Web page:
By Pam Luecke
Ask employers about the skills they’d like to see in the young journalists they hire and chances are one will be “an understanding of business.” That’s why some journalism schools and programs have started courses and concentrations in this area. But if your program isn’t in a position to do that quite yet, don’t despair. Here are a 10 ways to infuse your existing courses with business terms and concepts and make sure that your graduates know the difference between and IPO and an Ipod.
1) Add a “business beat” to your beat-reporting class. Most journalism programs ask students to cover a specific topic on campus or in town, but many focus only on government entities. If you don’t already have a “business beat,” try it. You’ll find it a rich source of stories that haven’t yet been tapped.
2) Add a “business” component to a class on American institutions. All good journalists need to know their way around a legislature or courthouse. But shouldn’t they also know their way around the agencies that regulate businesses and the economy? Add a few sessions on the Federal Reserve, the Securities and Exchange Commission, and business-related agencies unique to your state or community.
3) Include business and economic news on current-events quizzes – including identification of key financial leaders. We expect students to know the names of elected officials, but a well-rounded journalism graduate should also know key business and economic leaders and have an awareness of major business news. Add to your quizzes the names of Ben Bernanke, Timothy Geithner and, when they are in the news, the CEOs of top companies. (Be sure to include female and minority executives and officials.) And when a major company files for bankruptcy or acquires another company, consider that a current event worth knowing, just as you would passage of a new bill in Congress.
4) Have students – individually or in teams — create hypothetical stock portfolios and report on their performance throughout the term. This is a great way to focus student attention on how the stock market works – and it also builds numeracy skills. I use Yahoo! Finance as a way to track the portfolios and look at them several times during the term; there are several other Web sites that will allow you to do the same. Students love the competition with each other.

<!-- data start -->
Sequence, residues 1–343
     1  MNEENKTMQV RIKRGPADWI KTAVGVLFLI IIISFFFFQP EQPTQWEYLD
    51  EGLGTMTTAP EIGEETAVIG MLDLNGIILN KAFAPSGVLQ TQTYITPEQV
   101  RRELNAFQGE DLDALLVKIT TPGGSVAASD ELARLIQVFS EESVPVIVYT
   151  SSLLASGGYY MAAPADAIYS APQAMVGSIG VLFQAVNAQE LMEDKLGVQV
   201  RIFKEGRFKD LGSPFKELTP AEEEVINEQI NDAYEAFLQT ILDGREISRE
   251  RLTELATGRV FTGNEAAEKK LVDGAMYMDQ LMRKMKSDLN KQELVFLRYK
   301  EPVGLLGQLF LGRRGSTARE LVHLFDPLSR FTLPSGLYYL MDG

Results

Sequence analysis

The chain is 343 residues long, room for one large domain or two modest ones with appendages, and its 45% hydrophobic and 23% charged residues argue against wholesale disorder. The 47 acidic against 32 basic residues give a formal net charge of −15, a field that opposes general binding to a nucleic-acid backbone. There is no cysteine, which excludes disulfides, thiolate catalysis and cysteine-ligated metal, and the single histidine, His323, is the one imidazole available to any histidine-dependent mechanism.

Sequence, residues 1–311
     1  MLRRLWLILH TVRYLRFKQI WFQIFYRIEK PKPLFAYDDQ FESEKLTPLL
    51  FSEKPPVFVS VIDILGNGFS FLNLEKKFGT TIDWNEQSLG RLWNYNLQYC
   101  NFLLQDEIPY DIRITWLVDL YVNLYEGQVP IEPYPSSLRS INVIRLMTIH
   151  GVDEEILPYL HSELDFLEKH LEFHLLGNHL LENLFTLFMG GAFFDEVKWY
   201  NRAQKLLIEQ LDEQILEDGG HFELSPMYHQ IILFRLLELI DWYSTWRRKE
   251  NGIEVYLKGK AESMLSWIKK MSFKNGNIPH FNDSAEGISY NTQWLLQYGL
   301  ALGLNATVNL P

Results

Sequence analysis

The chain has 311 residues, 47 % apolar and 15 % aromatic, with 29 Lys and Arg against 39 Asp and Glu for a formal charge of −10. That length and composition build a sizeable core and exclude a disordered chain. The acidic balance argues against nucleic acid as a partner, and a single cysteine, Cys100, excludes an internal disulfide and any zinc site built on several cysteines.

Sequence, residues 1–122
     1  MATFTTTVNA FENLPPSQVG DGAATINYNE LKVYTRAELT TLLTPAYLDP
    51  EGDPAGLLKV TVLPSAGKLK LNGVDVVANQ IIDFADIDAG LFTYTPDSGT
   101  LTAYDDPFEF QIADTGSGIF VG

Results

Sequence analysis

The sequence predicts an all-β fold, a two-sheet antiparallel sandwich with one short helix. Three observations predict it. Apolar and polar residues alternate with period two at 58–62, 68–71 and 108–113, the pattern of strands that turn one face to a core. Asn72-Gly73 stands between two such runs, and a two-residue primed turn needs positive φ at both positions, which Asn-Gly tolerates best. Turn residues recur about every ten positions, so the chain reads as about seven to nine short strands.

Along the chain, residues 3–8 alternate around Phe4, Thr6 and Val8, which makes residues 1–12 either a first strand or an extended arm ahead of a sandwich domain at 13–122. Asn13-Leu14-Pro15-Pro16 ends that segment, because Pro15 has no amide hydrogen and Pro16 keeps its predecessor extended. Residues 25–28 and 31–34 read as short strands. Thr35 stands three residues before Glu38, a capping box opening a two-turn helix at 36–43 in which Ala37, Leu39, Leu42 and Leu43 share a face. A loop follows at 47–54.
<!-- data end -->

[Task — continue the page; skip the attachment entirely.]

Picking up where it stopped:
5) As part of their internship experiences, require students to learn about the history and ownership of the companies they work for and include that information in their written and oral reports. Savvy students will use this requirement as a way to meet the publisher or general manager. We used to protect students from the business side of the industry; that time has passed.
6) If you invite sports reporters or arts reporters to speak to a class, ask them to talk about the need to understand business for their beats. Most sports reporters have covered a dispute between players and management or an attempt to get public financing for a stadium. Similarly, arts reporters know all about the relationship between economic cycles, ticket sales and fundraising.
7) Invite local community leaders to talk to a class about property assessments and the town budget. The housing crisis can seem remote until it shows up in tax bills.
8) Encourage business-related stories in the campus media: What are the job prospects for seniors? Which local pizza shop has the quickest delivery? Are university sweatshirts manufactured overseas?
9) Invite an economist from the nearest Federal Reserve Bank to speak to a class – or have a class interview him/her via speaker phone. The Fed is committed to citizen education about financial topics and will probably be most agreeable. For the Fed bank or branch nearest you, see: http://www.federalreserve.gov/OTHERFRB.HTM
10) The next time your trustees are on campus, invite one from the business world to talk to a class about his or her experience with the news media. Make sure the students have researched his or her company well!
Pam Luecke was the initial Reynolds Endowed Chair in Business Journalism, her success at Washington and Lee University paving the way for the naming of subsequent business journalism chairs.